More Than 400 Face Masks, Gloves Littered Connecticut's Public Spaces

This past fall, volunteers with Save the Sound picked up 441 pieces of PPE across more than 100 miles in Connecticut.

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When Michiela Messner led a cleanup day at Rocky Neck State Park, she was not surprised to find a new kind of pandemic-fueled trash left behind: disposable masks.

"I was more disappointed that they found it," said Messner. "I was really upset that it has come to this too."

Messner is a volunteer with Save the Sound. Every year the Connecticut nonprofit takes part in an international coastal cleanup. This past fall, the group cleaned more than 100 miles in the state and picked up 441 pieces of PPE in one day.

"Our trash travels. Our PPE travels," said Anthony Allen with Save the Sound. "When we drop it on the ground or it flies off our ear and lands in a parking lot, it doesn't stay there."

Pandemic-related pollution is not just being seen in Connecticut. Volunteers with Ocean Conservancy, the US-based nonprofit that organizes the international cleanup efforts, logged more than 100,000 pieces of PPE picked up across the globe in the last half of 2020. They estimate the amount of PPE littering the world is actually much higher.

Heidi Dierssen, a professor of marine sciences at the University of Connecticut Avery Point, studies the ocean from satellite. Her team has spent the last five years studying plastic in the ocean, which now includes PPE.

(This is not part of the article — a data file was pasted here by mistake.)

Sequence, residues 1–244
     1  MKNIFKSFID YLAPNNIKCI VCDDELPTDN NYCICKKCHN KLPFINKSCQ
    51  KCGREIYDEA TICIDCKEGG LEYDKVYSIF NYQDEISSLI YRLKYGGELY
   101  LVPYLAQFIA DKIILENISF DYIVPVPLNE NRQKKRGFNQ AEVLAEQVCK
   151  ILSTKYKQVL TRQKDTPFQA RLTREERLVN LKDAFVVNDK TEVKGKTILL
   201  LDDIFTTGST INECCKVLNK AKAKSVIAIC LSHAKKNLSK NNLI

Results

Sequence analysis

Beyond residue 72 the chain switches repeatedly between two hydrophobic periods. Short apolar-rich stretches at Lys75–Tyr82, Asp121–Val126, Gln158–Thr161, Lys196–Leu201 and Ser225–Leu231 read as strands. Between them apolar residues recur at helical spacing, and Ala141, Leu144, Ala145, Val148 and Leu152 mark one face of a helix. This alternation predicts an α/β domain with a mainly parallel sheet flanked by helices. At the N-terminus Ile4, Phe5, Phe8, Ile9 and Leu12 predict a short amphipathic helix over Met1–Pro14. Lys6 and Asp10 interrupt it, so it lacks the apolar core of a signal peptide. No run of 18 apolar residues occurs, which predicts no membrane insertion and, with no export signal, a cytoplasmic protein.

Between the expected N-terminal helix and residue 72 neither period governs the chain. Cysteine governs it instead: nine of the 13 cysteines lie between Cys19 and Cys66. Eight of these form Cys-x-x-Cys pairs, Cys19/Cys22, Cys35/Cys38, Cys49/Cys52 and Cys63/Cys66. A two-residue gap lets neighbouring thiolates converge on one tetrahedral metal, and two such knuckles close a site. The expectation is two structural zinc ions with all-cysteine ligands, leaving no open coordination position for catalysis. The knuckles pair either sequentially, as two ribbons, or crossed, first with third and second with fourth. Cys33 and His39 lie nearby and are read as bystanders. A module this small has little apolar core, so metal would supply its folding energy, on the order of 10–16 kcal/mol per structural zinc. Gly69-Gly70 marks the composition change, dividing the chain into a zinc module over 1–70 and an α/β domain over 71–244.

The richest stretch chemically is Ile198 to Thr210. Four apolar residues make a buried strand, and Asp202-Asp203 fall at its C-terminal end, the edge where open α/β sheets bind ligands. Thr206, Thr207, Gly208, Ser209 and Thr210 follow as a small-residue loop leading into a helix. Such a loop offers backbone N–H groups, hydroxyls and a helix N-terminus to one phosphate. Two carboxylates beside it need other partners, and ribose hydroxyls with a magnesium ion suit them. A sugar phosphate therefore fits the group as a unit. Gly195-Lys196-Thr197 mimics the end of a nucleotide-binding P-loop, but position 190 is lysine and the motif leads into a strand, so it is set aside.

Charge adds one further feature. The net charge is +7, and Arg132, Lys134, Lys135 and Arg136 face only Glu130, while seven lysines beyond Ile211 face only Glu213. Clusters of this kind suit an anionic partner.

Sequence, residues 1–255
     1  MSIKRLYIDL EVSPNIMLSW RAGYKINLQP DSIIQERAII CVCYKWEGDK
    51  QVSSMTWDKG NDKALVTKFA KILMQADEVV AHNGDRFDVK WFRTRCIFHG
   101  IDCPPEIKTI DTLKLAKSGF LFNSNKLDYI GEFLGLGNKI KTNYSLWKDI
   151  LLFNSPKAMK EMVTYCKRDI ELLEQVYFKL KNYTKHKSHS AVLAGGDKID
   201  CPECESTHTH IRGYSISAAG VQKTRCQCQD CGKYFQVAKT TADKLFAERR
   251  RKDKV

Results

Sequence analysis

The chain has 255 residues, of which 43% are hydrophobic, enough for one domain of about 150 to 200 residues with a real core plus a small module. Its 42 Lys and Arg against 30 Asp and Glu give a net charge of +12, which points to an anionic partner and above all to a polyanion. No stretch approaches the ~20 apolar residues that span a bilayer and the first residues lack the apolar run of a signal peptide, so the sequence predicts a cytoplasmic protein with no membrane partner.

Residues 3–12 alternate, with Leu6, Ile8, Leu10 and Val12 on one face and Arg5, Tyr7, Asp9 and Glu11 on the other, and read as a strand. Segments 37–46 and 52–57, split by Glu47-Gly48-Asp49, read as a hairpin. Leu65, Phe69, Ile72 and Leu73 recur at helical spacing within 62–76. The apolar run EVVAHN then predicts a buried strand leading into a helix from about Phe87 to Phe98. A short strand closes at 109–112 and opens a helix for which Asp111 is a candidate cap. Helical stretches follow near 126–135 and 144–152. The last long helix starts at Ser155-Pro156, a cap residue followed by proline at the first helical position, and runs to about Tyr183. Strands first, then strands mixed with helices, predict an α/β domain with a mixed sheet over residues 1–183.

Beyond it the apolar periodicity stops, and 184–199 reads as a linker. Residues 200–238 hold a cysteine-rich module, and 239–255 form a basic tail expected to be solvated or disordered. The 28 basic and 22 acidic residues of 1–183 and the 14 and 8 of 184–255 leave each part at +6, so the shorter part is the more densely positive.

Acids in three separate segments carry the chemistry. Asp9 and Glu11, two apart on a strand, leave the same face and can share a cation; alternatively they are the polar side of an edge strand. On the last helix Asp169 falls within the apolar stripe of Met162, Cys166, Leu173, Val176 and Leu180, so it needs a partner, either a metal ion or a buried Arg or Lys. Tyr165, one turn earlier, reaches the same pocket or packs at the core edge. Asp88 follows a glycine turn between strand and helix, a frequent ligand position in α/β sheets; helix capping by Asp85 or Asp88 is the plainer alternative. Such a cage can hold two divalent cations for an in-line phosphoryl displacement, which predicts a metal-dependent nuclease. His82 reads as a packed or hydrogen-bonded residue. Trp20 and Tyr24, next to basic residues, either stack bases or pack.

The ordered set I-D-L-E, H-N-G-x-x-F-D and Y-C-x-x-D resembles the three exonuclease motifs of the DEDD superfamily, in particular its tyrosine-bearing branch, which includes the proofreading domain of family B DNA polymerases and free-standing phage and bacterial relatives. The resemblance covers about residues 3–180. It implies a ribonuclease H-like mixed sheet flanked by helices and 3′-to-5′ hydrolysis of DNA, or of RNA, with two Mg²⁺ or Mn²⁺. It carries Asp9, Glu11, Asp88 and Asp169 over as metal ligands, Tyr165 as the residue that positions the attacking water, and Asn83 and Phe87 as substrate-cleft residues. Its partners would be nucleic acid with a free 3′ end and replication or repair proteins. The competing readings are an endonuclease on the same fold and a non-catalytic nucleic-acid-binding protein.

"It is already showing up as a big problem. I just want people to realize that this is actually plastic and this will end up in the ocean if you don’t take care of where you put it," said Dierssen, holding a disposable mask.

If a mask is not disposed of correctly, Dierssen says, it can end up in the water.

"Likely because the wind could just take this off my hand, where would it go? Eventually it gets wet and it ends up in our oceans," said Dierssen.

Once a plastic makes it into the ocean, it is almost impossible to clean up. It does not completely decompose, but instead can break down into little pieces.

"And they end up as little bits floating on our sea surface, or ingested, sadly. Almost every sea turtle's stomach has little bits of plastic in it," said Dierssen.

Advocates stress that is important to cut the ear loops off your mask when throwing it out. The ear loops could cause an animal to get stuck. They say it is also important that you make sure your masks ends up in the trash can.

“Dropping that is like dropping a plastic food wrapper or a used chip bag," said Messner.

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